Dario Franchitti indulged in what has become a standard post-final race, post-season, post-championship celebration for race car drivers on South Beach Saturday night. Staring out into the Atlantic Ocean with a drink or three nearby and a few more in his system, the Scot had completed a journey from Indy Racing League star status and a first championship in 2007, to a humbling aborted season in NASCAR last summer, to the top of the IndyCar realm again with another crown.
It felt, in a word, right, and not just because of the race and championship trophies he'd hoisted after outlasting Ganassi Racing teammate Scott Dixon and Team Penske's Ryan Briscoe in a last-race dash for the title at Homestead-Miami Speedway. This was where he belonged all along, he thought, and the title was just validation. Though he admits he wanted that validation badly.
SI.com: This South Beach celebration thing has become a real trend since (three-time defending Sprint Cup champion) Jimmie Johnson started unwinding on the sand after winning titles, huh?
Dario Franchitti: Yeah, that one ran a little late. Nothing crazy, but it was fun. Jimmie actually texted me, gave me some advice on how to celebrate.
SI.com: People understate his celebration-capacity, don't they?
DF: (Laughs) Yes, indeed. He's a good man.
SI.com: You won the championship in the last two IndyCar seasons you've contested. Now what? Getting away from it all for awhile?
DF: I don't mind getting away. I really don't. There's a part in me that thinks with all this momentum we should keep going, but I really don't mind getting away. Think I'll go spend some time with [wife] Ashley [Judd] and go back to Scotland and spend some time with friends and family there. I think I'll take a couple of weeks off and then I'll get back in the gym and keep working.
SI.com: Not discounting the strategy involved, or skill, but is it more disconcerting with a title coming down to vapors of fuel since that was involved with your 2007 title, too? Don't you just want to have a full tank, no worries and a heavy foot?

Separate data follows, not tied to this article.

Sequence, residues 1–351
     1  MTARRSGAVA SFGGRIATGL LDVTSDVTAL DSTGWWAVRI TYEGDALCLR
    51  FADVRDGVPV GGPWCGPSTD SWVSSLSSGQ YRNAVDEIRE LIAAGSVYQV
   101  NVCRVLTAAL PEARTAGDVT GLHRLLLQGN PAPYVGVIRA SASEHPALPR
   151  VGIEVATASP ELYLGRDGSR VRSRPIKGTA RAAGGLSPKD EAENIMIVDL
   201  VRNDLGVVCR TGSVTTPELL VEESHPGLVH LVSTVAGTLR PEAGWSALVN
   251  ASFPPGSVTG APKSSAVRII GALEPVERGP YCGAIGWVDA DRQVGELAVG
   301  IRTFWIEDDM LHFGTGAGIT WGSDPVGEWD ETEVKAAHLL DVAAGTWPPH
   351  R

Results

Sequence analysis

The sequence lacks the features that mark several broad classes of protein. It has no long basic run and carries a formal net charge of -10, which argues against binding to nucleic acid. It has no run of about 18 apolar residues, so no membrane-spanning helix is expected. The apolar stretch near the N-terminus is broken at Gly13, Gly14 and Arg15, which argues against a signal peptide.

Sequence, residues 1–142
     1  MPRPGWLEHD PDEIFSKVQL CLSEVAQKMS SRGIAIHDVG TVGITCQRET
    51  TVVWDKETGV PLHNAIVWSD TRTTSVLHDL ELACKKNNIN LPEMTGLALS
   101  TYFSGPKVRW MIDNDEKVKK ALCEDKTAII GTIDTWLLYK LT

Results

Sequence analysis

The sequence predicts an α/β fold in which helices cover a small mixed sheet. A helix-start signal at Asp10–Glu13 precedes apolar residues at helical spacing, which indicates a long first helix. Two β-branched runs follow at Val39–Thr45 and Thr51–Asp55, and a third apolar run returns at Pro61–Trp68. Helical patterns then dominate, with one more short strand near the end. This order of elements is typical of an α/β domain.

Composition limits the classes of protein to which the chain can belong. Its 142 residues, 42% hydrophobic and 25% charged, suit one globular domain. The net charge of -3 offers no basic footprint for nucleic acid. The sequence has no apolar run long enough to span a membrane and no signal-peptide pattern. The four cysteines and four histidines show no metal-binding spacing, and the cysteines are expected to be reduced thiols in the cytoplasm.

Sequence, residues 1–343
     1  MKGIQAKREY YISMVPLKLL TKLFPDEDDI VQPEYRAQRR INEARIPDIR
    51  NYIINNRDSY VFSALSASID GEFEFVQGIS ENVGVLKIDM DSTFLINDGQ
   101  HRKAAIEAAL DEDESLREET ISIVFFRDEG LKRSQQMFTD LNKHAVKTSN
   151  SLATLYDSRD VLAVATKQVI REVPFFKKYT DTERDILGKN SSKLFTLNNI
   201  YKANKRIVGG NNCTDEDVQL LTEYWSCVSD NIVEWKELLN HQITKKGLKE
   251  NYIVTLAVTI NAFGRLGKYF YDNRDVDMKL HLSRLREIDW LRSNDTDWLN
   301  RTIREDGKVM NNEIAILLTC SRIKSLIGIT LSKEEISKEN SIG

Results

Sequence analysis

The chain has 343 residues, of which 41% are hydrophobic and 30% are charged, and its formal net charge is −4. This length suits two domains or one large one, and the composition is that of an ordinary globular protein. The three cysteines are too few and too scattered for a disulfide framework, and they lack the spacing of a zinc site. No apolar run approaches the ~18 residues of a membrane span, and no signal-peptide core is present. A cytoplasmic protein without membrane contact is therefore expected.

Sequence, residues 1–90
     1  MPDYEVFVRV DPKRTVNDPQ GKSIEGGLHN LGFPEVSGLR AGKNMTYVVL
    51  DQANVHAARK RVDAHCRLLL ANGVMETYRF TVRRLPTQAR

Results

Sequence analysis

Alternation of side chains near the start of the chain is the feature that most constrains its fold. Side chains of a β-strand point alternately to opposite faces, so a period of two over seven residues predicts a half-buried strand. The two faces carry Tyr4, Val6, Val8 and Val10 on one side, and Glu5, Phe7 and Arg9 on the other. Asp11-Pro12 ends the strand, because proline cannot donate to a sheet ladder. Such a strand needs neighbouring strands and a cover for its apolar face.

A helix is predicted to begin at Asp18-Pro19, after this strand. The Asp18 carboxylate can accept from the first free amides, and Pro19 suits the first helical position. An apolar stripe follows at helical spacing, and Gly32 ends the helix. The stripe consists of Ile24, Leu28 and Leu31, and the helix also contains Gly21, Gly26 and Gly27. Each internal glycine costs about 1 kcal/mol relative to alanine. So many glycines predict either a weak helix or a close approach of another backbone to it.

DF: You do [want to jam it and go]. You definitely do. But it's about getting the result and using everything you've got in your powers to get that result. And on Saturday that was our way to do that: through fuel mileage. I think from the first pit stop on we were able to run a pace with Ryan and Scott but there wasn't any point, because we knew the best way -- we felt -- to win the race was to do what we did. Ryan and Scott absolutely drove their hearts out as well, but we were focused on the end result. There's time this year where felt we lost some races because of strategy. It was nice to get one.
SI.com: How odd was the team dynamic with you and Scott Dixon each vying for the title in the final race?
DF: It was definitely a different situation. At [Andretti Green Racing] in '04, Tony [Kanaan] was clearly our bet for the championship from midseason so we all supported him. In '05 it was a similar situation with Dan [Wheldon]. I think Tony, myself and Dan were all very competitive, but Dan had maybe a run of the luck and got himself in a position to win the championship and we all supported Dan. In '07, I was in the position and I was supported by Tony, Marco [Andretti], Danica [Patrick].
So to come to Homestead this year was a different situation because Dixie and I were both in the championship fight, and I think we handled it well. We both worked together in getting the best out of our cars in testing, and all day Friday and Saturday we went out there and we did the best we could for ourselves, but at the same time keeping an eye on our teammates. It wouldn't have been good when Scott passed me about 10 laps if I had I just kept my foot down and driven up into him or something.
It's one of those things about having a teammate like Scott. He's going to be competitive and you're going to have to show up with your 'A' game. And with the series coming together and me being gone for a year, the competition is that much tighter and you have to improve every week. That makes me even happier about our circumstances.